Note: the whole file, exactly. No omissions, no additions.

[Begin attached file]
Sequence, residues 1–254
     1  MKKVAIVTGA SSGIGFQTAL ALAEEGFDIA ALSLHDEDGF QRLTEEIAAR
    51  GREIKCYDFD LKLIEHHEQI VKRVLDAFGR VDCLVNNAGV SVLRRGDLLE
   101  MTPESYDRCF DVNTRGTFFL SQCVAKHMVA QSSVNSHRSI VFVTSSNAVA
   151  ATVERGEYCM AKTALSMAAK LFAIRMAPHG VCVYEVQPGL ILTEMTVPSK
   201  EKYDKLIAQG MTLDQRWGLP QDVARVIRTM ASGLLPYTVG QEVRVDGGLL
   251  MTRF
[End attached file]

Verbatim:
Sequence, residues 1–254
     1  MKKVAIVTGA SSGIGFQTAL ALAEEGFDIA ALSLHDEDGF QRLTEEIAAR
    51  GREIKCYDFD LKLIEHHEQI VKRVLDAFGR VDCLVNNAGV SVLRRGDLLE
   101  MTPESYDRCF DVNTRGTFFL SQCVAKHMVA QSSVNSHRSI VFVTSSNAVA
   151  ATVERGEYCM AKTALSMAAK LFAIRMAPHG VCVYEVQPGL ILTEMTVPSK
   201  EKYDKLIAQG MTLDQRWGLP QDVARVIRTM ASGLLPYTVG QEVRVDGGLL
   251  MTRF